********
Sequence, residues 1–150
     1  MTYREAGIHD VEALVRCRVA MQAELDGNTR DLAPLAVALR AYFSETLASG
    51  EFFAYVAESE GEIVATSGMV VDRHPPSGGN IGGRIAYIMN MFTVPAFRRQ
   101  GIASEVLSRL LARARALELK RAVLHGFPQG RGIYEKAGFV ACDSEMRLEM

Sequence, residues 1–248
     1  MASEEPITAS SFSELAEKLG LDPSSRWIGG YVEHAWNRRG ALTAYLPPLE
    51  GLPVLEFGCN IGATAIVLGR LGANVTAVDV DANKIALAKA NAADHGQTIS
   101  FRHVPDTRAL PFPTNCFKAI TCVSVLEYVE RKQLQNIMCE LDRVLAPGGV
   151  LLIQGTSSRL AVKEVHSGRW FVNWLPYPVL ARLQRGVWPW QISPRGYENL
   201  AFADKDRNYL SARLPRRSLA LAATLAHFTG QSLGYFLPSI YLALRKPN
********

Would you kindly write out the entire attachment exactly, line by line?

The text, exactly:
Sequence, residues 1–150
     1  MTYREAGIHD VEALVRCRVA MQAELDGNTR DLAPLAVALR AYFSETLASG
    51  EFFAYVAESE GEIVATSGMV VDRHPPSGGN IGGRIAYIMN MFTVPAFRRQ
   101  GIASEVLSRL LARARALELK RAVLHGFPQG RGIYEKAGFV ACDSEMRLEM

Sequence, residues 1–248
     1  MASEEPITAS SFSELAEKLG LDPSSRWIGG YVEHAWNRRG ALTAYLPPLE
    51  GLPVLEFGCN IGATAIVLGR LGANVTAVDV DANKIALAKA NAADHGQTIS
   101  FRHVPDTRAL PFPTNCFKAI TCVSVLEYVE RKQLQNIMCE LDRVLAPGGV
   151  LLIQGTSSRL AVKEVHSGRW FVNWLPYPVL ARLQRGVWPW QISPRGYENL
   201  AFADKDRNYL SARLPRRSLA LAATLAHFTG QSLGYFLPSI YLALRKPN